Thursday, March 20, 2014
I woke last night while the moon was up and shot a panorama of Hole in the Rock. Even by moonlight it looks like a crazy wagon ride to the bottom.
This morning I paddled the two miles to the confluence with the Escalante River. I turned north into the Escalante arm and then after a few bends in the channel made another left into Clear Creek Canyon. At the back of the canyon is one of the gems of the Glen Canyon Recreation Area: Cathedral in the Desert. Fortunately I'm here in a low water year since at full-pool the nave and lower part of the apse are buried in the black depths of the lake. When exposed, the apse is especially majestic in that it includes a small perennial waterfall which, luckily for me, is partially exposed.
At the back of the apse (or alcove) is a sandbar just big enough for a dry campsite. As I paddle in there's another boat (~20' motorboat) nosed into the sand. As I beach the kayak and climb out, the boat's occupants greet me and we chat for a few minutes while we eat our respective lunches. They're from Draper, UT and are out for the first run of the season. Soon, they'll be down here again with their grandkids. As they're readying to go I ask them if by any chance they have a half-roll of toilet paper they could gift me. Thankfully they have one and even more thankfully they're willing to share, so I thank them profusely and they motor off.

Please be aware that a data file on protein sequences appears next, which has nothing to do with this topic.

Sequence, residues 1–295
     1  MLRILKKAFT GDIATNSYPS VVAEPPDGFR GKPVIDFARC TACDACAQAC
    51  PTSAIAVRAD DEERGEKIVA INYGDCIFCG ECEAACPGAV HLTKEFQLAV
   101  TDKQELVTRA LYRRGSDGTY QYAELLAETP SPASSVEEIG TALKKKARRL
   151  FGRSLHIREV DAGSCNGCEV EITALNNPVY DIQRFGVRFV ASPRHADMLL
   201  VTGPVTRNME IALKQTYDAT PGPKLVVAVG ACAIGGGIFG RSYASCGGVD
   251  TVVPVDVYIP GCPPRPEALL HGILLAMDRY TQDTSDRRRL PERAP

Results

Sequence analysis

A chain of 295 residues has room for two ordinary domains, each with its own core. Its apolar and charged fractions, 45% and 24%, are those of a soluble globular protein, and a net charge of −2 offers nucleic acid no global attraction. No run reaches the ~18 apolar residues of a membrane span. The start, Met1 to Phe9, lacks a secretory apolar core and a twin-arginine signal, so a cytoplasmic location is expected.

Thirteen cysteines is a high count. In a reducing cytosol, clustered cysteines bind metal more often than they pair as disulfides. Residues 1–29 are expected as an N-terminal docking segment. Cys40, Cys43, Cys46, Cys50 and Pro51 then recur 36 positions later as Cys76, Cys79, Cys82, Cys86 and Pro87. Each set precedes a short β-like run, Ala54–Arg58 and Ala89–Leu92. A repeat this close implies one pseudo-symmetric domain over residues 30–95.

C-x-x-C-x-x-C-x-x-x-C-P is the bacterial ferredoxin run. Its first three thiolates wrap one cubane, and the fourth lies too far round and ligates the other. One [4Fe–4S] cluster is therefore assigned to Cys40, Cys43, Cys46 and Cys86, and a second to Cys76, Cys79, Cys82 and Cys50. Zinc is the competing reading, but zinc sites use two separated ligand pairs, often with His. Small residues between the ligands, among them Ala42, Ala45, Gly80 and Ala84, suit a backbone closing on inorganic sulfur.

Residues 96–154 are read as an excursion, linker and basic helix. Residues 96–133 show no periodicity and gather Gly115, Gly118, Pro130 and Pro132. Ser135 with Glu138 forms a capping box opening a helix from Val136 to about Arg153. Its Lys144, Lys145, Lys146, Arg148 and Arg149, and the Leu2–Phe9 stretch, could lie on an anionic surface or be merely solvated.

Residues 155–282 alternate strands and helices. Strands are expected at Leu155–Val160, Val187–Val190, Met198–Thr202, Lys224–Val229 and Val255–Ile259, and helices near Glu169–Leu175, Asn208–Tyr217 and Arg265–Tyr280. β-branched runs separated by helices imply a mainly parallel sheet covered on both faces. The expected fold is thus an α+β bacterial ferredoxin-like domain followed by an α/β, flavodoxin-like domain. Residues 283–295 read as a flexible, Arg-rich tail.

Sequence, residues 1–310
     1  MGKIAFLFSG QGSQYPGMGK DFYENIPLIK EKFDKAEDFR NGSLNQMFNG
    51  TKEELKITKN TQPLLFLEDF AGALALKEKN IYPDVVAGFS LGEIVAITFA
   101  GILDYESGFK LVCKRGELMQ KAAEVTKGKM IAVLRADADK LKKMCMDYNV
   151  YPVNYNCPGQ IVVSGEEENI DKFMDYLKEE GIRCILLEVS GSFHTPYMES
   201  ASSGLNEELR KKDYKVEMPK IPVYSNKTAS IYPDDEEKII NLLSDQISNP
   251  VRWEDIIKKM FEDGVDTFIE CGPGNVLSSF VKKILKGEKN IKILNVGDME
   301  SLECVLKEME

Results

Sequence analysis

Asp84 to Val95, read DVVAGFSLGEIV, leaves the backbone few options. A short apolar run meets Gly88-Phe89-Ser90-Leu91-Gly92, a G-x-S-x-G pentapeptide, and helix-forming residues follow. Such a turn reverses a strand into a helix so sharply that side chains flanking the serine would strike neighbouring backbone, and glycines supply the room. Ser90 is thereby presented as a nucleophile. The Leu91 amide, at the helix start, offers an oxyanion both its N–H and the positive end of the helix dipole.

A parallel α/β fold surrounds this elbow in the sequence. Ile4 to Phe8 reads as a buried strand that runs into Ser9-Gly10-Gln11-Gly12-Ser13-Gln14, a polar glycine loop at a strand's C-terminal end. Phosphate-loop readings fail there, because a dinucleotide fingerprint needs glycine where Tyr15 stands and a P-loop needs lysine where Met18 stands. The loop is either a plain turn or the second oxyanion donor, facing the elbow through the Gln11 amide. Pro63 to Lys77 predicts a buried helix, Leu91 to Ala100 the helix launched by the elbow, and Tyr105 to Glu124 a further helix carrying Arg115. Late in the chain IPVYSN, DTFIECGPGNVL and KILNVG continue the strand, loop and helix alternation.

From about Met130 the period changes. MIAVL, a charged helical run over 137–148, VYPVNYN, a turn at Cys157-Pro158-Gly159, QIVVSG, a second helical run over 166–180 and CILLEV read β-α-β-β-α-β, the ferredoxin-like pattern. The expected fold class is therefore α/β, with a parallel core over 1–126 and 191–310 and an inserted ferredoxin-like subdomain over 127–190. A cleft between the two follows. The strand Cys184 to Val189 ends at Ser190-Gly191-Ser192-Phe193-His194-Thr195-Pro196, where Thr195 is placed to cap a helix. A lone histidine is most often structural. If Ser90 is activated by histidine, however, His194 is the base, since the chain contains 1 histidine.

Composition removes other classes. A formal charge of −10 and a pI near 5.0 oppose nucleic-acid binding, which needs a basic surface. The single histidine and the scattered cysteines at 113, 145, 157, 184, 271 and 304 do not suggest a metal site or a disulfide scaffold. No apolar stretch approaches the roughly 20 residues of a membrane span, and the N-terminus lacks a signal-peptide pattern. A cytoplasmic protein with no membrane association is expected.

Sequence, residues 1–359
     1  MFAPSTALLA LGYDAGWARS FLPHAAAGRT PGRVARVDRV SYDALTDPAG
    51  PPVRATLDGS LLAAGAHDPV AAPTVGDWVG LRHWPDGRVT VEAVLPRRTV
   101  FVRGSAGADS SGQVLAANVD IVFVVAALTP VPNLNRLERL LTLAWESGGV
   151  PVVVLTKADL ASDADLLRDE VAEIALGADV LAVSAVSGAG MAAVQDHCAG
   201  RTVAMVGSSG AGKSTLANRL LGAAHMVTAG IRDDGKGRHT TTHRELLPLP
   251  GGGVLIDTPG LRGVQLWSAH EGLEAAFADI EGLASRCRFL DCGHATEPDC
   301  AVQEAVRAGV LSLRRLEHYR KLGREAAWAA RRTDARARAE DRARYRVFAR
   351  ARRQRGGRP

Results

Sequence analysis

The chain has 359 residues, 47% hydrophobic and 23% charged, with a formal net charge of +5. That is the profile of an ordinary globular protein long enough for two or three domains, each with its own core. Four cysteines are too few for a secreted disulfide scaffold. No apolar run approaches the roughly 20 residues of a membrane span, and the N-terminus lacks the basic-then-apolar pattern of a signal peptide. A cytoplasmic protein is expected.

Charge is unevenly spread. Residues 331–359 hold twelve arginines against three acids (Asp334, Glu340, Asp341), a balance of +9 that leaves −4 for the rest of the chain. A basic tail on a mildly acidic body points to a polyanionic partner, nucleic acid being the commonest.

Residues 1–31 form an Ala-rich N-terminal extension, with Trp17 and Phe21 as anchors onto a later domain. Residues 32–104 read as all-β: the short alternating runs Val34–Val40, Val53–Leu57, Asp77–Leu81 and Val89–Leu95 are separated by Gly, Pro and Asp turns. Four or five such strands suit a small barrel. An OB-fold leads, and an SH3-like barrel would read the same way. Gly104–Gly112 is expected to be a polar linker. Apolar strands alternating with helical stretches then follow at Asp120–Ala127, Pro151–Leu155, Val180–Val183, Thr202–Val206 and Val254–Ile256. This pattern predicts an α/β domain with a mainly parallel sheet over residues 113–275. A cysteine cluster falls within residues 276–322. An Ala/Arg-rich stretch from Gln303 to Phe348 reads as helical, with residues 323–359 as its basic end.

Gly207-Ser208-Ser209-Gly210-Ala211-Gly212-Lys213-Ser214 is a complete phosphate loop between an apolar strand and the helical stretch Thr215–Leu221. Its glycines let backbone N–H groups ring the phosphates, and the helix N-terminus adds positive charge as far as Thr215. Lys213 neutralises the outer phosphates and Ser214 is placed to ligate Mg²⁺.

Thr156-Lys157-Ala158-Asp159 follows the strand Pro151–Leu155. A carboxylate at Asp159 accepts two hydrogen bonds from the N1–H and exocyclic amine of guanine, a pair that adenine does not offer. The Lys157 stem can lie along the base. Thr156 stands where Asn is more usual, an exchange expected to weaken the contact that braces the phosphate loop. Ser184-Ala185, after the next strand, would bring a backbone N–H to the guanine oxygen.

The rumbling of their motor persists for a few minutes after they disappear around the bend but soon it fades to silence. I'm alone.
So what's the point of assuming a deterministic view of life? I dunno, maybe there isn't any point.
I started this line of thought based on the discussion Anna and I were having when she posed the question 'what's wrong with the world?' (I'm paraphrasing a bit but that was the gist of it.) If we answer that question; or any other like it, such as 'what's wrong with my life' or ' what's wrong with my spouse' or 'if you could change one thing about blah, what would it be'; from a deterministic point of view the answer will always be the same: 'nothing'. Nothing is wrong with the world, with my life, with my spouse. Everything is exactly the way that it should be. In fact the world, my life, my spouse, are perfect just as they are.
Maybe there is a point after all.
I spend the afternoon experimenting with my camera and resting. As the sun sets beyond my narrow view of the sky the light in the canyon dims and bats, at least five of them, flap about in the void above me. As I sit quietly, still, watching, some pass so close I can hear the hushed flap-tap-flap of their wings as they beat past my head hunting the bugs that are bugging me.